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Are you struggling with adding weight onto your sumo deadlift? Not sure how to include the sumo deadlift into your training program? Here are some quick fixes that are certain to help you pull more weight from the floor!

The other day I was working with a first time client. We we're testing to find his three rep max. Before working into a heavier weight, he had told me his previous one rep max for the sumo deadlift was 315. After evaluating his technique, we took some weight off the bar and performed a few practice sets. Right off the bat he was able to adjust his position, so we decided to add some weight on the bar. He worked his way up to 335 lbs x3 reps, fairly easily may I add. Projectively, he should be able to pul 365 from the floor. Thats 50 lbs in one day through a few quick fixes! These are the four cues that helped him:

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1. Toes out

With the toes pointed forward, you've nearly set the bar an extra inch in front of you, making the path to lock out a much farther way to travel. A 45 degree angle works just fine for most people. As you lower your hips to get positioned with the bar, push your knees out to the little toe.

2. Get behind the bar

From the gripping of the bar to the initial pull, it is important to keep everything lined up behind the bar. Knees, chest, shoulders, and head all need to stay back and up. This is very crucial mid pull as we have the natural tendency to let the load take us forward.

3. Spread the floor apart

As you begin your pull, visualize spreading the floor apart with your feet. This gets all the muscles in the posterior chain (hamstrings, glutes, etc) firing more efficiently. As the weight continues to come up, keep pushing the knees out towards the little toe. Do not let them cave in!

4. Pull!"

Notice how I've been using the term pull and not lift. After all, you aren't squatting the weight up. From the shins to the thighs, the bar should be in contact with your skin. This is why you see most powerlifters wear long socks. A good deadlift should tear apart your shins. So rather than just picking the bar up, picture dragging the bar up and into your body.

Can't Get 50 Pounds in One Day?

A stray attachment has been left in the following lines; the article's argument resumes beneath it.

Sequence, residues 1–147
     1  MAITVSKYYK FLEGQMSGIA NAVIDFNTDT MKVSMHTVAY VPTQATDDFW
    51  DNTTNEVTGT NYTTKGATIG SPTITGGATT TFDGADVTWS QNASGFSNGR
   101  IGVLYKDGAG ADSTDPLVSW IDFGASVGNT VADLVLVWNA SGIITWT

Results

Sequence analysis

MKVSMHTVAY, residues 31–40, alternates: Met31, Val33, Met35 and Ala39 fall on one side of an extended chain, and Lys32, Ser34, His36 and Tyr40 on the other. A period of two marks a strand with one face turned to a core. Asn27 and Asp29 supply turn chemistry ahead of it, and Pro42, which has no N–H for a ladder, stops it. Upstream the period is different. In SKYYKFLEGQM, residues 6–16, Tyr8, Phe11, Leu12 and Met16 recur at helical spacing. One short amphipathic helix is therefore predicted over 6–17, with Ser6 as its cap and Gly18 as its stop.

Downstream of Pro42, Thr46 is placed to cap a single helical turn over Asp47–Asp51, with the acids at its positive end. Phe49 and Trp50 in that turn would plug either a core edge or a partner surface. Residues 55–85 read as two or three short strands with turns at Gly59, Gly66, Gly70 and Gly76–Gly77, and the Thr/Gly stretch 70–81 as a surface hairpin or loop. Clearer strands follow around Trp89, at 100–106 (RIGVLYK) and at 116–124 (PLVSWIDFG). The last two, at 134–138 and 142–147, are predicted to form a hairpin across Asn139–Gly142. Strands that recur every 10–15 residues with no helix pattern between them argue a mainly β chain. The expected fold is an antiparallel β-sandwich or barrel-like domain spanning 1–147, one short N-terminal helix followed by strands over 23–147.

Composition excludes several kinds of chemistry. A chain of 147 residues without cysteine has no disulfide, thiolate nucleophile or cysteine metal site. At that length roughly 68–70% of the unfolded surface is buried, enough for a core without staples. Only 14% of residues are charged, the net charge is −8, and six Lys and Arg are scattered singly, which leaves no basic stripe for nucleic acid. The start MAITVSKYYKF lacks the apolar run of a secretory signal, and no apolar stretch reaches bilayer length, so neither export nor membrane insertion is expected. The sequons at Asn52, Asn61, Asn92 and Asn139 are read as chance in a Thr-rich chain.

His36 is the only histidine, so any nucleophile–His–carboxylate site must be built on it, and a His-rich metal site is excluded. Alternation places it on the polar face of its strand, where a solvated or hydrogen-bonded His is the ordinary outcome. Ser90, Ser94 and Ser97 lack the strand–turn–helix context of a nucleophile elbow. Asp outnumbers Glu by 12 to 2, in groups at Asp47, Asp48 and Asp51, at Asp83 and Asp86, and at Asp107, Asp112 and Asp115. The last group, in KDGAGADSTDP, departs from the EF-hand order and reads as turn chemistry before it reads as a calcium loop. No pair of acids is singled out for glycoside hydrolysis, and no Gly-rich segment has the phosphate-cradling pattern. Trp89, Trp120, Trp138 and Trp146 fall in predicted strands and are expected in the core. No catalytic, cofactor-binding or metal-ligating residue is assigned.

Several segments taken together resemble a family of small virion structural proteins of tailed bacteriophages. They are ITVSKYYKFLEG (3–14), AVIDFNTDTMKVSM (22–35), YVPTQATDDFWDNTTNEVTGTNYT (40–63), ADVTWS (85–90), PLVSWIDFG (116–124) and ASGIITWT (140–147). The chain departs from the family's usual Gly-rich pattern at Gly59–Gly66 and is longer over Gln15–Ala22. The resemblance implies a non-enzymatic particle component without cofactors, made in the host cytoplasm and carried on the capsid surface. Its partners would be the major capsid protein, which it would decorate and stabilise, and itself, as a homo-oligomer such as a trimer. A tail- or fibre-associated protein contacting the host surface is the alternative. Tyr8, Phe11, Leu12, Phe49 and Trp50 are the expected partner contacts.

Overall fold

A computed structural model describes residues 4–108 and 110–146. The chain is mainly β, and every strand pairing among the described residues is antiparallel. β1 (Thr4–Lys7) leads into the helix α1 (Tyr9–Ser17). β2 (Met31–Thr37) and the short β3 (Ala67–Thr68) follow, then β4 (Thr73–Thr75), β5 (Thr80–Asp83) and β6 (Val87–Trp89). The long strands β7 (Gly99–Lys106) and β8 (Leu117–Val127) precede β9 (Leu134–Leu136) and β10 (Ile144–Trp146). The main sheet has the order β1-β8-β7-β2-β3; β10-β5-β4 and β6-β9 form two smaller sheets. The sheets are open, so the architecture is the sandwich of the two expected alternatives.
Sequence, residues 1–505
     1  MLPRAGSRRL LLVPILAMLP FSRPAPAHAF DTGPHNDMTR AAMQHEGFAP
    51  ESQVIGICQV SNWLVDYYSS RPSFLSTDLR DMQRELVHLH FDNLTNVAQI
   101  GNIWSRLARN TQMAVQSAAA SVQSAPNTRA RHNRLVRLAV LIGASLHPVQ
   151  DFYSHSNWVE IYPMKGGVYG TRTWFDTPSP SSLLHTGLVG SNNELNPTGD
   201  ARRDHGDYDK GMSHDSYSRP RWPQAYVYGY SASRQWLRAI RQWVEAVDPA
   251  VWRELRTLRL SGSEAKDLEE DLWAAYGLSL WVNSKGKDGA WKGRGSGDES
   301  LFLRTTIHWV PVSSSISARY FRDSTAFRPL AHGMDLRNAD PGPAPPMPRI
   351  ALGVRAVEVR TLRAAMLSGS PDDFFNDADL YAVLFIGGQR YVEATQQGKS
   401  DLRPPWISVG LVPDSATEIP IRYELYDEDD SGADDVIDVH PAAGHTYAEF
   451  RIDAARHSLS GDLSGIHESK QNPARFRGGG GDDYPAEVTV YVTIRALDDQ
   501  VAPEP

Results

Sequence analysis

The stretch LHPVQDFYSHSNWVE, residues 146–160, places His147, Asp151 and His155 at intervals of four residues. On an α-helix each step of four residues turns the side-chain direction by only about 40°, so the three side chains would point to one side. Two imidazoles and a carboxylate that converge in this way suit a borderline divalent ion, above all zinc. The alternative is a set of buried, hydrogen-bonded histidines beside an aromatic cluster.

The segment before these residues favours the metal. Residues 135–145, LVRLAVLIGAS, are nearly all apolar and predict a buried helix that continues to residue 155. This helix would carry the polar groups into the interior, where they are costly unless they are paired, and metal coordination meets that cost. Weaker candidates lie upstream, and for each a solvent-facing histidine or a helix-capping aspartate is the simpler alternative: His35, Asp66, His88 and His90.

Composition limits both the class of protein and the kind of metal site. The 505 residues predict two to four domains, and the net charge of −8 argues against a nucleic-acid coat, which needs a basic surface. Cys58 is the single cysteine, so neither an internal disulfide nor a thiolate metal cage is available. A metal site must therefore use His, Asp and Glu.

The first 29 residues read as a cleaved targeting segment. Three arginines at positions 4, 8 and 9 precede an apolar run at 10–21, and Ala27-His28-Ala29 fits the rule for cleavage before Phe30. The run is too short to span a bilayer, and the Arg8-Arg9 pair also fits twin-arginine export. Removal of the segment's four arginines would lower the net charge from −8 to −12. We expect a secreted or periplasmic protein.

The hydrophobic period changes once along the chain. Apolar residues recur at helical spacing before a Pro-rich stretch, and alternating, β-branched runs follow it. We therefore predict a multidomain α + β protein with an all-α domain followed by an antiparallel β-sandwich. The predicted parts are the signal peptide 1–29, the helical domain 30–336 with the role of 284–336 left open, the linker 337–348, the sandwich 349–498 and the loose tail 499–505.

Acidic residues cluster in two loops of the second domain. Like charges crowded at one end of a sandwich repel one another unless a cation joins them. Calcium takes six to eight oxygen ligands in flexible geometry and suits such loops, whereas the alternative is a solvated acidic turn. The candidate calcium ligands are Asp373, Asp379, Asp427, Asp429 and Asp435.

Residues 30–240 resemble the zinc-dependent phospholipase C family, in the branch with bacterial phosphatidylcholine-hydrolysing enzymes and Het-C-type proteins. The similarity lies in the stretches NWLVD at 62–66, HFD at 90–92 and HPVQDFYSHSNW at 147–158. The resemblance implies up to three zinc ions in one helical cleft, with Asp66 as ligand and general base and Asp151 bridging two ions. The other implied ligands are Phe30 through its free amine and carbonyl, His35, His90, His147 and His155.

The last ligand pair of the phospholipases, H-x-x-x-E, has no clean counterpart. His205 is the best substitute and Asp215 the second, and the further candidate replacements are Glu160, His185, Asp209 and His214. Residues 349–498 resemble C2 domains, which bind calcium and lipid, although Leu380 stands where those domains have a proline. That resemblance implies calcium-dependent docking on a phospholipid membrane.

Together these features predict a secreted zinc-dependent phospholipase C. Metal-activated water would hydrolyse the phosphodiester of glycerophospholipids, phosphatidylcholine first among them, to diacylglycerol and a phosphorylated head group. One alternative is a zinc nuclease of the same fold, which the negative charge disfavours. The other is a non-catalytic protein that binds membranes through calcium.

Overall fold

Im not going to blow sunshine up your butt and guarantee that each every one of you will add 50 lbs onto your deadlift in one day. The client shown above already had decent strength and was somewhat familiar with the movement pattern. These technical cues fixed the issues that we're limiting him from lifting with his full potential. For the majority, you need to continue working on your sumo deadlift and you need to be on a program. Plain and simple.

Its not as easy as just lifting more weight every time you get into the gym, and it sure won't do you or your spine any good if you're attempting to max out every session. You need a progressive overload and increase in intensity. Find a plan and stick to it! Dont know where to look? I've written a program for you.

Below I have included a four-week sumo deadlift cycle. You will need your 1RM (one rep max) in order to follow the program. Dont know what your 1RM is?Go to the gym, work up to the heaviest sumo deadlift you can do for one rep, then plug in your numbers using the percentages given below.

During this cycle, the relative intensity increases each week. This allows you to work on your technique with a heavier load, but not so heavy that you can't perform the set. You shouldn't miss any reps during this cycle. On week four, you will use your 1RM and perform as many reps as possible. Whether you do two reps or six reps, you've gotten stronger. If you can't get at least two reps for 100% on week four, you are doing something terribly wrong. It is important that you don't go straight into your work sets. You will benefit from 2-3 very light warm up sets and 2 warm up sets 10-20 and 20-40 lbs from your work sets.

Assistance Work

All exercises listed under the assistance work are suggestions. Because the deadlift is a lower body pull, I suggest doing a heavy lower body push. Squatting variations suit this component best. After your squatting pattern I suggest coupling a single leg exercise with a more isolated posterior chain exercise. Keep the reps in between 6-12 on these. Lastly, do some sort of static or dynamic trunk work.

Below is a suggested training split for this cycle.

Final Thoughts

From the novice lifter to the elite athlete, everyone can afford to get stronger and improve their technique. When your deadlift starts getting into the 400s, it takes perseverance, compliance to a program, and dedication to recovery to continue watching those numbers climb. With all that said, grab a barbell and get pulling!

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Posted in Fitness Post Date 01/21/2017